Planning for Retirement in Your 20’s
When you are loving life in your 20’s, and even your 30’s, it can be hard to focus on retirement. This is an important part of life that many young people overlook until it’s too late. You should start planning for retirement the minute you graduate from college and enter the workforce. We have compiled some very important retirement planning tips for your 20’s so you can get ahead of the game.
Collect the Full Company Match
If you work for a company that provides a match to anything you deposit into a 401(k), it’s in your best interest to collect the full company match. Don’t wait until you are 30 to start putting money in a 401(k). This will only put you behind the eight-ball if your goal is to retire by the age of 65. It will also require a larger chunk of your income to do so.
Negotiation is a great trait to have in life, especially when it comes to negotiating higher salaries. Whether you are working towards a raise or looking for a new job, you should ask for $5,000 more than what is being offered. Doing so in your 20’s can lead to $634,000 more in your lifetime earnings, according to research from Temple University and George Mason.
Cheaply Diversify Your Portfolio
Do your best to cheaply diversify your portfolio. It’s recommended by most experts that your investments should be 80 to 90 percent in stocks. It’s a good idea to spread your money around when investing, but do your best not to spend a ton of money on fees. When you read a prospectus, look for expense ratios listed. The smaller ratios listed, the better for your bottom line.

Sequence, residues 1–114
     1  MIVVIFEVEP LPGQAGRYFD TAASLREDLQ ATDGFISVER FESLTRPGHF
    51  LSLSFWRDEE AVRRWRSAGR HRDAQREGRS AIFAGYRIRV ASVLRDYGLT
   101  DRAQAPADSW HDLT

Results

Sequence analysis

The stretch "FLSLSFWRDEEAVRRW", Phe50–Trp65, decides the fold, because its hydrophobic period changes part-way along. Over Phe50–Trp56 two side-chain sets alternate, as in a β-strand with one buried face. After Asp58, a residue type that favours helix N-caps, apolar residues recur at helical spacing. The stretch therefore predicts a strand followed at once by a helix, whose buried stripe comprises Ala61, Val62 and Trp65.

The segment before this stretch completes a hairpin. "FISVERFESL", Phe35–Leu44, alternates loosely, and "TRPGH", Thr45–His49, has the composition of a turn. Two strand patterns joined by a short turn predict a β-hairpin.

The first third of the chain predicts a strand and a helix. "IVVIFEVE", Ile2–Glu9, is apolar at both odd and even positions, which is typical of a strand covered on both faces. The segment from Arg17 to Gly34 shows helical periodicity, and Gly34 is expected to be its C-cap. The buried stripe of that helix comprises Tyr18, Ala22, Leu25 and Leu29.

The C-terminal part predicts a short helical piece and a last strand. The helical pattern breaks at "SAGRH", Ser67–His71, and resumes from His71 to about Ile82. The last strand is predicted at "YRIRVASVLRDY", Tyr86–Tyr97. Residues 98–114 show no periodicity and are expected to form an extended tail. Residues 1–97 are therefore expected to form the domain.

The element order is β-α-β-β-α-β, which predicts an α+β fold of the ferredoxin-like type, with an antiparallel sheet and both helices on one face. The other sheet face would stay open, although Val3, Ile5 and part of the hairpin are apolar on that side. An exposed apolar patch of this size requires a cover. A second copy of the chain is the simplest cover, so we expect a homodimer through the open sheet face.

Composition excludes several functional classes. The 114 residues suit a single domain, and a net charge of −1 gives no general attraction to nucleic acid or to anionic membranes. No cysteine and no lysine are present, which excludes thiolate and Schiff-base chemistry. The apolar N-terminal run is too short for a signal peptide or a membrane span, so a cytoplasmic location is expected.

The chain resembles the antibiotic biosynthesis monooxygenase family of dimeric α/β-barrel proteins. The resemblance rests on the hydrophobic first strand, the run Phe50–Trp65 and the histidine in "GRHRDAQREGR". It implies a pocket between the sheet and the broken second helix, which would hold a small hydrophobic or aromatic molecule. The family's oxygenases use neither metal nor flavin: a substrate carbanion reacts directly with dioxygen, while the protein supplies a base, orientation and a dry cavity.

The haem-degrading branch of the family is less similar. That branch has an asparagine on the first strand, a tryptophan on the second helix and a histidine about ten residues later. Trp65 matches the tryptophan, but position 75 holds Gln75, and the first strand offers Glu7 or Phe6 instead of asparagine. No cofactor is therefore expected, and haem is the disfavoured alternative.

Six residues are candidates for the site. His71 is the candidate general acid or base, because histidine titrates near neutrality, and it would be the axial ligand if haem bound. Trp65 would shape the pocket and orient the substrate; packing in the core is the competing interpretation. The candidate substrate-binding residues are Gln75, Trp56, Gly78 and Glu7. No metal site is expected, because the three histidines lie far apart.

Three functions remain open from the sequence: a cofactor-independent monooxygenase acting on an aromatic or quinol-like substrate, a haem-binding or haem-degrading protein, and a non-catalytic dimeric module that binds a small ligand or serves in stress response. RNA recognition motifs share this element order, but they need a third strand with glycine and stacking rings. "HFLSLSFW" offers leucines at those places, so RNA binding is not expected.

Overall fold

Watch Your Credit Card Debt
You need to closely watch your credit card debt when in your 20’s. This is when things can get out of control for most young people. It is recommended that you maintain a credit utilization ratio of 30 percent. For example, if your limit is $10,000, 30 percent of that would be $3,000. So, do not go above $3,000 on the credit card as a balance you carry.
Fund Health Care
Take it upon yourself to fund your own health care. If you are offered a health savings account from your employer, take full advantage of it. The money builds up free from taxation and withdrawals can be made retroactively. Make sure you put in your personal limit and have your employer do the same each year.
Picture Yourself at 65
Do your best to picture yourself at the age of 65. When people do this they are able to start saving for retirement more easily because they don’t want to find themselves working much further past 65.
It’s never too early to start planning for retirement. Even if you are in your 20’s, it’s still a smart idea to speak with a certified public accountant. The experienced staff at Tobin & Collins can answer all of your retirement questions and help you put a plan in place with our more than 50 years in the industry.
*Content Updated: November 28, 2017